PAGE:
I would also question a student’s time dedication to be able to participate in this class. Unless you are already an avid WoW player, which the paper identifies is not required, there is a huge amount of time that a player must commit to gain expertise in any aspect of the game without putting in a significant amount of research on other websites (and I would argue that both of these are required to be able to contribute to a wiki or make a guide on the game). For some students, playing the game might take far in excess of the expected time, and, even then, I would be concerned how much time would be required to play the game in addition to time spent doing the various class writing assignments. Leveling a character, finding and immersing oneself in a guild, leveling a profession, and learning how the mechanics of the game work take hours upon hours of play and research even in the current version of the game which is MUCH simpler than it was in 2008 when this article was published. Most active guilds will not look at you twice if you are not at or near max level and player interaction is minimal outside of a guild. In addition, you just do not learn enough about the game or its community at low levels.

 

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This is my most recent character and I have not even gotten him to max level.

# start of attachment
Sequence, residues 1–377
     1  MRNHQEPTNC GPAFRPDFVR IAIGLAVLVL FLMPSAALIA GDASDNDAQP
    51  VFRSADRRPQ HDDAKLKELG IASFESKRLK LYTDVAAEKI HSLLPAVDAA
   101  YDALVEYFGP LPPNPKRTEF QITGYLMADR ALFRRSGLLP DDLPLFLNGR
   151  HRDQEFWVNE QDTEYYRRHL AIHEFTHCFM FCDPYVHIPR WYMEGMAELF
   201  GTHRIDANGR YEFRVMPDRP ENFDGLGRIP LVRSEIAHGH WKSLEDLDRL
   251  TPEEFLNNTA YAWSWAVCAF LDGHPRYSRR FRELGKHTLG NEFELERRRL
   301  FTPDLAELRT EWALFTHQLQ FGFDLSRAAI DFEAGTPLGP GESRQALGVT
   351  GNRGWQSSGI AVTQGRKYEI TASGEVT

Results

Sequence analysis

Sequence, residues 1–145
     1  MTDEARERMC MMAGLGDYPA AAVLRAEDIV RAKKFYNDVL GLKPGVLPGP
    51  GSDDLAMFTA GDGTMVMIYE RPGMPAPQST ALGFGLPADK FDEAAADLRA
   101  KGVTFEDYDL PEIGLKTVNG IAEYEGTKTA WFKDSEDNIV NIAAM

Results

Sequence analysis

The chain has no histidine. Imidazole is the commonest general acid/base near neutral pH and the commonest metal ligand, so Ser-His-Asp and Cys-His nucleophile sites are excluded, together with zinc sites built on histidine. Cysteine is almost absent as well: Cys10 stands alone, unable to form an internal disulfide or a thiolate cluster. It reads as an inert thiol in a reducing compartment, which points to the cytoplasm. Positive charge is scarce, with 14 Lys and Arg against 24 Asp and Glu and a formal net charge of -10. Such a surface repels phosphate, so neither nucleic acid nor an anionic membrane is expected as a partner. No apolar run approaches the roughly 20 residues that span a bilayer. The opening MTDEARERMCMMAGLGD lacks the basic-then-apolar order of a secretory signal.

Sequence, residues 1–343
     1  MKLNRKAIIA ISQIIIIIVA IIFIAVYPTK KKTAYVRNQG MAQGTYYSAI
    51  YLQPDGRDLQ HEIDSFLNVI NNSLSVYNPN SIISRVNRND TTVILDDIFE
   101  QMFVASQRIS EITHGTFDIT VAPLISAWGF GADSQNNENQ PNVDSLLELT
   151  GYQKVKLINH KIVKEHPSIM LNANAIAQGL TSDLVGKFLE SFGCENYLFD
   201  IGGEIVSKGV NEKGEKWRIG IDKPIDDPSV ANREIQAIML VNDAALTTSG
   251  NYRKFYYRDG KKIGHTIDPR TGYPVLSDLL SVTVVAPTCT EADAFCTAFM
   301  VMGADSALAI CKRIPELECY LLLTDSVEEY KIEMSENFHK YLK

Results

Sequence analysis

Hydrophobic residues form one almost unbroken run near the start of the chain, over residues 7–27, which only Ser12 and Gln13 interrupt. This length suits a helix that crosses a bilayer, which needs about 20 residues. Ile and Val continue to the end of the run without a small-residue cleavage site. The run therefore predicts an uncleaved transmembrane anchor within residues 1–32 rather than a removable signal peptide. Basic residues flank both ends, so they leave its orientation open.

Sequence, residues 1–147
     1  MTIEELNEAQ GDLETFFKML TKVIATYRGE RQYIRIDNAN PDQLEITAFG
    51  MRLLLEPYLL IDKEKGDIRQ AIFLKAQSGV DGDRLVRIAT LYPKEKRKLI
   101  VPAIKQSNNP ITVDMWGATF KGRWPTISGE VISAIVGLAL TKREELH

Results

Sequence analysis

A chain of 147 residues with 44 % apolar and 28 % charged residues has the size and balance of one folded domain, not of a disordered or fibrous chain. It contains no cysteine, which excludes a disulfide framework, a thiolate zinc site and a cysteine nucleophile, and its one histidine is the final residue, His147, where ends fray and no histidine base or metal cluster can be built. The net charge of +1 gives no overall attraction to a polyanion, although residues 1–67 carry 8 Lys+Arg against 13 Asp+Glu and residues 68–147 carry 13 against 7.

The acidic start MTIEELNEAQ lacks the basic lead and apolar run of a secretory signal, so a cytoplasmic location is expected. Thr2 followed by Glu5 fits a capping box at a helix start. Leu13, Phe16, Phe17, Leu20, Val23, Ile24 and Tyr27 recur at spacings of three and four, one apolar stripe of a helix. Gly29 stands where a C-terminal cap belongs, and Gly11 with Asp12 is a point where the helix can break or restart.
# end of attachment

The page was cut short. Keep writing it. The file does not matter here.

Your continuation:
And I sort of know what I am doing half the time.

The Colbys only identify two cases of students in this experimental class environment, “Josh, an experienced WoW player” and Tiffany who had a roommate who played WoW often and took the class with her. I was disappointed by the lack of other representative experiences for this proposal of a WoW classroom if a student was not a WoW player. There was no real consideration of what to do if one or more of the students in the class decided that they did not like the game besides the result of dropping, which, again, really punishes the student.

I honestly do not know of a massively multiplayer online style game that would dodge both of these serious issues with this pedagogy. I want to love this idea. I REALLY want to. But just like any game community, even if one could find a way to make this work, I doubt its longevity. Semester to semester a teacher might have to find a new game or gaming community as games die and a new fad emerges. When this article was written WoW was the biggest PC game that had ever existed boasting around ten million subscribers, but now the game has less than half of that number and seems to still be declining.